A Divided Life vs. A Life of Prayer
by Pastor Gene
Prayer is a great unifier: it pulls together seemingly disparate parts of the believer’s life. While we have a tendency to divide our life into the “Christian” parts and the “other” parts, the Bible recognizes no such distinction. A.W. Tozer called this the “sacred/secular antithesis.” I think we might better call it the “sacred/secular fallacy”.
This kind of thinking creates an internal division between our ‘earthy’ life and our ‘spiritual’ life. It makes us what James calls “doubleminded,” and a doubleminded person is “unstable in all his ways” (James 1:8).
The truth is, once we’ve come to know Jesus, these are one and the same. We are “a new creation” (2 Corinthians 5:17), we’re to walk in the “newness of life” in Christ Jesus (Romans 6:4), and we’re to do all that we do – even eating and drinking – to the glory of God.
After we’ve experienced the new birth in Christ, everything we do should be with an eye toward glorifying our Heavenly Father and becoming more like Jesus. Conversely, nothing that we do should fail to acknowledge God’s glory.
I can eat my toast and drink my morning coffee to the glory of God – He, after all, is the one who provided these “good gifts” for me (James 1:17). “So,” Paul writes, “whether you eat or drink, or whatever you do, do all to the glory of God” (1 Corinthians 10:31).
I serve my employer – or, if I’m an employer, I serve my employees – just as though I were serving Christ. I “work heartily, as for the Lord” (Colossians 3:23).
There simply is no distinction between the ‘mundane’ and the ‘holy’ in the life of the believer. ALL that we do is sacred, set apart for God’s honor. We live by faith. We order our steps by faith. We make decisions about everything from what we’ll do to what we’ll buy to where we’ll go by faith – and that means by prayer.
We’re to pray “in everything” (Philippians 4:6). We’re to pray “at all times” (Ephesians 6:18) and for all kinds of people (1 Timothy 2:1-2). And we’re to do so “without ceasing” (1 Thessalonians 5:17). Why? Because “this is the will of God in Christ Jesus for you” (1 Thessalonians 5:18b).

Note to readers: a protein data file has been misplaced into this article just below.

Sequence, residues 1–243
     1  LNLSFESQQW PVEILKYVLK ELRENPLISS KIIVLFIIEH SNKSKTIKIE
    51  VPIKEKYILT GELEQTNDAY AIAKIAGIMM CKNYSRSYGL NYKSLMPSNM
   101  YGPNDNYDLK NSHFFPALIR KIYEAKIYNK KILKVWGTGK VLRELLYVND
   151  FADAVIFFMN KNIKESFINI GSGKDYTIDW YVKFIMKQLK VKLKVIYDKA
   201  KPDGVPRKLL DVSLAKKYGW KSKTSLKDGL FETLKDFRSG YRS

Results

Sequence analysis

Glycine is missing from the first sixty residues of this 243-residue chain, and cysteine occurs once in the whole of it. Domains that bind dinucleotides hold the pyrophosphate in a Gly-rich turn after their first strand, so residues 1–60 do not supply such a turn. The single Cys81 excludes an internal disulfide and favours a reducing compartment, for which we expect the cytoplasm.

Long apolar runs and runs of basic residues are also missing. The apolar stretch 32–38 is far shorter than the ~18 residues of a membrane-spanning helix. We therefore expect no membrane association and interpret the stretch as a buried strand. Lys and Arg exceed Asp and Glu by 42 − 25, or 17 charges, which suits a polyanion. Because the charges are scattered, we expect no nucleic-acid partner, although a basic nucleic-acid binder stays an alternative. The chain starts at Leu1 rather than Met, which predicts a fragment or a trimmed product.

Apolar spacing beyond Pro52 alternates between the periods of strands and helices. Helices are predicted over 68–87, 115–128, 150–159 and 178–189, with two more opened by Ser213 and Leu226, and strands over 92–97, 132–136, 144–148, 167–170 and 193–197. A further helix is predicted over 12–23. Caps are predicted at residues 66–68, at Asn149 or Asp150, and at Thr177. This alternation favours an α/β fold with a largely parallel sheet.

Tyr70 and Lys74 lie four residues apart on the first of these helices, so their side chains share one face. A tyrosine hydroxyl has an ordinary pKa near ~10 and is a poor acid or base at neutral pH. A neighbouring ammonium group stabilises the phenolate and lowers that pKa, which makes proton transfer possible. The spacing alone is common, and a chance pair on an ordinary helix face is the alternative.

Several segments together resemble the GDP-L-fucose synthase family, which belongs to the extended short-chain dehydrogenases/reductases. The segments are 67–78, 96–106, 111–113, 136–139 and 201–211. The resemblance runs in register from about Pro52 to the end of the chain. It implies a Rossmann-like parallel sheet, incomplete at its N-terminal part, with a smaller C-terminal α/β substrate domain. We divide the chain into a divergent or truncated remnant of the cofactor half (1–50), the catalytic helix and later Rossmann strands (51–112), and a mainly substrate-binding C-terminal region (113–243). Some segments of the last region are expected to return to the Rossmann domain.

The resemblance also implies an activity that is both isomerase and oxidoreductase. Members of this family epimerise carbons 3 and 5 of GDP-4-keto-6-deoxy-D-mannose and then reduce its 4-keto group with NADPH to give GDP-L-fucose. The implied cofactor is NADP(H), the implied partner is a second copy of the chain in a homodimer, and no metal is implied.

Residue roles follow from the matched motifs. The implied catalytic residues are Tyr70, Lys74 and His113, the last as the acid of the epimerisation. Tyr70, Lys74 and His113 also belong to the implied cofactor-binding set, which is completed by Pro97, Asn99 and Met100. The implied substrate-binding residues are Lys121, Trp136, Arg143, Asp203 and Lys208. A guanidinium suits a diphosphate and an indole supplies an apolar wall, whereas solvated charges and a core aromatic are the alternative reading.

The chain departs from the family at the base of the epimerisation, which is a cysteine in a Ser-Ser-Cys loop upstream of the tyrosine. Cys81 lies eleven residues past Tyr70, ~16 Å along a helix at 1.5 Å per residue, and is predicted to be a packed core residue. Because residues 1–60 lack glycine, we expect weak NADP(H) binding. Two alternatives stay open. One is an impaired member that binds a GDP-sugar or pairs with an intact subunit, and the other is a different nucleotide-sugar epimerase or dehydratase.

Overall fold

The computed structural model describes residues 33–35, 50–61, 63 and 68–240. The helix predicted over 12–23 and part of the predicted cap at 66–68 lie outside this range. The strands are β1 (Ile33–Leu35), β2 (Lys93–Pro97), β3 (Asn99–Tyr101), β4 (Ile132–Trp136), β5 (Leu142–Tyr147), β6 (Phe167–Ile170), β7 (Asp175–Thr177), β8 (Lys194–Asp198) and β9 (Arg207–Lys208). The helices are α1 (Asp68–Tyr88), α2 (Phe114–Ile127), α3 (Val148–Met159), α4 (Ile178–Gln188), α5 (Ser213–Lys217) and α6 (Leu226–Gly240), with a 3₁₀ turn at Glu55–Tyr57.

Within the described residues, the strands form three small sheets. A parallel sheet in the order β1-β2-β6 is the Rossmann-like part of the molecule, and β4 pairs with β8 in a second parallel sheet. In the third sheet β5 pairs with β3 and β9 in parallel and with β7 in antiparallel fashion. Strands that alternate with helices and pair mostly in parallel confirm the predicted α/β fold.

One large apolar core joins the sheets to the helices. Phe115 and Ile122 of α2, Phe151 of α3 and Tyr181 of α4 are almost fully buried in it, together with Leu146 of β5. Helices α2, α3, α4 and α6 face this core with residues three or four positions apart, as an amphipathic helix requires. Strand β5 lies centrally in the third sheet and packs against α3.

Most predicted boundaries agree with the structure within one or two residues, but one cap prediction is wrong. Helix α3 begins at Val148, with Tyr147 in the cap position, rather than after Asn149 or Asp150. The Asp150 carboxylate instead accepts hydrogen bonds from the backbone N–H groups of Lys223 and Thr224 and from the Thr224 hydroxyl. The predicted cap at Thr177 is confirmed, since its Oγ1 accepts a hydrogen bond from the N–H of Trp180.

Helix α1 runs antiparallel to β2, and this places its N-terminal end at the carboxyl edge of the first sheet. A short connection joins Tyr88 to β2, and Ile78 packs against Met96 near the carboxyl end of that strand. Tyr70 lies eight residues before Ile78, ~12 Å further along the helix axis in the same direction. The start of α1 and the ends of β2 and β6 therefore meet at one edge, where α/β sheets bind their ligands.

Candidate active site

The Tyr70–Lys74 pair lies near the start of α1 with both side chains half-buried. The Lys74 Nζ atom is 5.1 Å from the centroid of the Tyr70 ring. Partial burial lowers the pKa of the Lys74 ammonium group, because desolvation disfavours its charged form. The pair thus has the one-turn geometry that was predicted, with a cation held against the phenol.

Prayer brings every disparate element of our lives together into one unified whole that praises the only true and living God. In this way we remain fixed on the goal of ‘glorifying God and enjoying Him forever.’
His we are, and His we shall be – world without end. So let’s live like who we truly are: children of the King!
Soli Deo gloria!
To consider …
- What areas of your life have you, perhaps unintentionally, divided into sacred and secular? How has this led to a sense of spiritual instability?
- What do you think of Paul’s admonishment that “whether you eat or drink, or whatever you do, do all to the glory of God” means? What does it mean to you specifically? What does it mean to you practically?
- What can you do to close the gap between the sacred and the secular in your life?
- What do you think of prayer as a great unifier? I suggest that it pulls together seemingly disparate parts of the believer’s life into a unified whole. Do you agree? Why or why not?
- James 1:8 says that a “doubleminded” person is “unstable in all his ways.” Have you experienced this? In what way?